It's that time of year when internship applications begin to go live and the stress of crafting the perfect cover letter, personal statement or creative essay rises.
No worries! These seven guidelines will have you looking like a friendlier version of Miranda Priestly. Listen up, ladies!
1. Your resume is what gets you the interview.
Rather it be artsy, 3D or traditional black and white, you need to stand out. The average employer scans over at a resume for a total of 6 seconds, which ultimately decides if your application will be looked at again. Pinterest has some amazing inspo! If you don’t know how to use the stellar software InDesign by Adobe, no worries! There are many free resume creation websites online and Microsoft Word is always an option. Make sure your resume reflects the kind of message you want to put out there. (Ex: If you're into design and art, make your resume art. If you are going into the corporate world, make sure it is crisp and clean-cut.)
2. Define your personal brand
You may be wondering what the heck a personal brand is...Personal branding is the means by which people remember you. It is a concise statement which explains who you are and what you can bring to the table. Are you a type-A leader? Do you value teamwork? Do you have a passion for a particular quality? Know it! Interviewers in top companies are asking, “What is your personal brand?” instead of the traditional, “Tell me about yourself.” This question can throw you off if you don’t have a concrete statement ready. Remember, your personal brand is more that a solid statement, you must have a story/fact to back up your claims. Again, Pinterest has some great pins on how to build your own brand.
3. Research a company before applying
Company websites/social media can tell you a lot about the programs and positions offered and what kind of business they run. However, the Glass Ceiling and several other employment listing websites, have reviews from people who have worked there before. You can get an unfiltered opinion on a company and also receive advice from past employees. When you look at a company’s history, you will have prior knowledge on the company and not go into a potential interview blind.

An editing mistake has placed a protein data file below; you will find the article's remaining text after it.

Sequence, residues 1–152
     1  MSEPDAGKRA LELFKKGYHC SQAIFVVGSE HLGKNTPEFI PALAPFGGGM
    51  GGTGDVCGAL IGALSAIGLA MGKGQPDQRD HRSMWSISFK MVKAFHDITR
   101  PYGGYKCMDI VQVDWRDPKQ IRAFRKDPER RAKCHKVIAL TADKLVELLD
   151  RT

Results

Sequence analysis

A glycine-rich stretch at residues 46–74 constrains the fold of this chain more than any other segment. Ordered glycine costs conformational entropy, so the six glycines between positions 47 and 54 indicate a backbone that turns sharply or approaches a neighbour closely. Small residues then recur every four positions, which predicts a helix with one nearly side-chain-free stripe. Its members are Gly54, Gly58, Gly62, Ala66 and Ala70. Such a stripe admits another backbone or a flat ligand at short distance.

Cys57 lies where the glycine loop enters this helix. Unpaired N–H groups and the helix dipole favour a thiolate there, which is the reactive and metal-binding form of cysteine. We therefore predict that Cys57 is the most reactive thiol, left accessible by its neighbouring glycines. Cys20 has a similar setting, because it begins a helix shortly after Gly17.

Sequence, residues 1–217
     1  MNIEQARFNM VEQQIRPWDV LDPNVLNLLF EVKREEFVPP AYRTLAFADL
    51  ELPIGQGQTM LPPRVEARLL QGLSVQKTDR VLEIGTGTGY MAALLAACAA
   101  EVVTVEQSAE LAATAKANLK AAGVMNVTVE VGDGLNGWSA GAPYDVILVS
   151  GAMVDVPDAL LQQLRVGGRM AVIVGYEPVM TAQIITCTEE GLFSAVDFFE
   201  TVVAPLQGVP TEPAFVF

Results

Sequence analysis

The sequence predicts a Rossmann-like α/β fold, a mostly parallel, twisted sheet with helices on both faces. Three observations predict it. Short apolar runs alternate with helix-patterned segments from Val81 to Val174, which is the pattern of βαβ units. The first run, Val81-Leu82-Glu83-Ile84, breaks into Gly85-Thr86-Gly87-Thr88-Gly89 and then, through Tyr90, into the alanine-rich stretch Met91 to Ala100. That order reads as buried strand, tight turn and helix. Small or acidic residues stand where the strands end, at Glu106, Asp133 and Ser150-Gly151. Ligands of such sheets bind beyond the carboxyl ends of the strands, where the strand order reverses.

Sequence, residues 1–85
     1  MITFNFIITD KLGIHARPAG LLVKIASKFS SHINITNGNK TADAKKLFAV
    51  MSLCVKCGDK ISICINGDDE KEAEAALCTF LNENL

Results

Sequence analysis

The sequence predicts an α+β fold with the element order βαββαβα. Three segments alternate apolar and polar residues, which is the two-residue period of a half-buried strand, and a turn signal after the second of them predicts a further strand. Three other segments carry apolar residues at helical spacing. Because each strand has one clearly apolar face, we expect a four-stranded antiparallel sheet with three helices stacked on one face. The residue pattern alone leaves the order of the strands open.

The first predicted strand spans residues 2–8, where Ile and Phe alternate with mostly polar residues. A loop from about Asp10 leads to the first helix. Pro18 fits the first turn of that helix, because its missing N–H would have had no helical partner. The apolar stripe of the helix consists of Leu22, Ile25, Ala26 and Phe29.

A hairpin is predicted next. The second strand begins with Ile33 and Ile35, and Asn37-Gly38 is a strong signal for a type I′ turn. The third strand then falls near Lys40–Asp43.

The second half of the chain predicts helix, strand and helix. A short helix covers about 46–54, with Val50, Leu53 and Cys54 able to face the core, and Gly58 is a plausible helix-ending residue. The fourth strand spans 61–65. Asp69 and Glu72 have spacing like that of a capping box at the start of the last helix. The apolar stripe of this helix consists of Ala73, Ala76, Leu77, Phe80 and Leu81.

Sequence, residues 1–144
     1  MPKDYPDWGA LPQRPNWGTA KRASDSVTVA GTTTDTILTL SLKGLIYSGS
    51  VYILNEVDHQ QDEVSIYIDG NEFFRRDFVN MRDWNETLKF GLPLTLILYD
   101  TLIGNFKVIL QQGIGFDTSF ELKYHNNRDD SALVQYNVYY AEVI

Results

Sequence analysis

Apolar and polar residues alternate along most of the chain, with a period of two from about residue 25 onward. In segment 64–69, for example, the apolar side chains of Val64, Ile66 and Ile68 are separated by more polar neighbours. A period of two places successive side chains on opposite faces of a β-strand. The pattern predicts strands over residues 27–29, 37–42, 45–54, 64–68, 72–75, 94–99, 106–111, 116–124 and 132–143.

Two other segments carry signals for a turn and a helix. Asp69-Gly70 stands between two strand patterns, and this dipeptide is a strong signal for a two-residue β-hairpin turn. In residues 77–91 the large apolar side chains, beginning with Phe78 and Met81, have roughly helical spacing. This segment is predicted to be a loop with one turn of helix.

3. Practice interview questions
Interviews are not a one sided ramble of answering questions and waiting silently for the next question to be asked -- it’s supposed to be a conversation. It’s important to not be be scripted, but to also know relatively what you would say if asked a specific question. I recommend Googling a list of commonly asked interview questions in your respective field. Read over the questions and think about possible responses, so when you are asked them in the actual interview, you don’t sit awkwardly trying to think of an answer.
4. Dress for success
While what you have to say should outshine your ensemble, it’s important to look your best for any interview. If dress code is not highlighted prior to the interview, I recommend wearing one step above what you would wear for a typical day at the office. (You wouldn’t show up to an interview for an arcade in a full suit and tie, but you would still want to look nice.) Show your personality with a fun pop of color or bold print. Make sure your outfit doesn’t take away from, or speak for you. H&M, Target, J Crew, and Macy’s all have affordable, yet fashionable business wear. At the end of the day, the best outfit is the one that makes you feel confident, comfortable and pretty.
5. Send a thank you letter after every interview
Have the envelope stamped and ready to go, so you can send the letter asap after the interview. The surprise in the mail will let the employer know how serious and passionate you are about the position.
6. Be confident
Before an interview, I always listen to a bumpin’ girl power playlist. It allows me to walk into an office both happy and calm. When it comes to snagging a job, confidence is king. You need to let the interviewer see you as a person they would want to have in their company. Take a deep breath, smile and walk with a purpose.
7. You won’t always get the job
As one of my favorite professors lectured, less than 25% of applicants will get a response post-application period. Of that percentage, 10-15 people will be brought in for the first round interviews, and 4-6 for the second round. The odds are, unfortunately, not in your favor. But sometimes it is a numbers game. It’s not that you aren’t qualified, it’s that the company received so many applicants and could not review all of the applications in depth. It’s important to keep your head up and know more opportunities will come. You are worth it!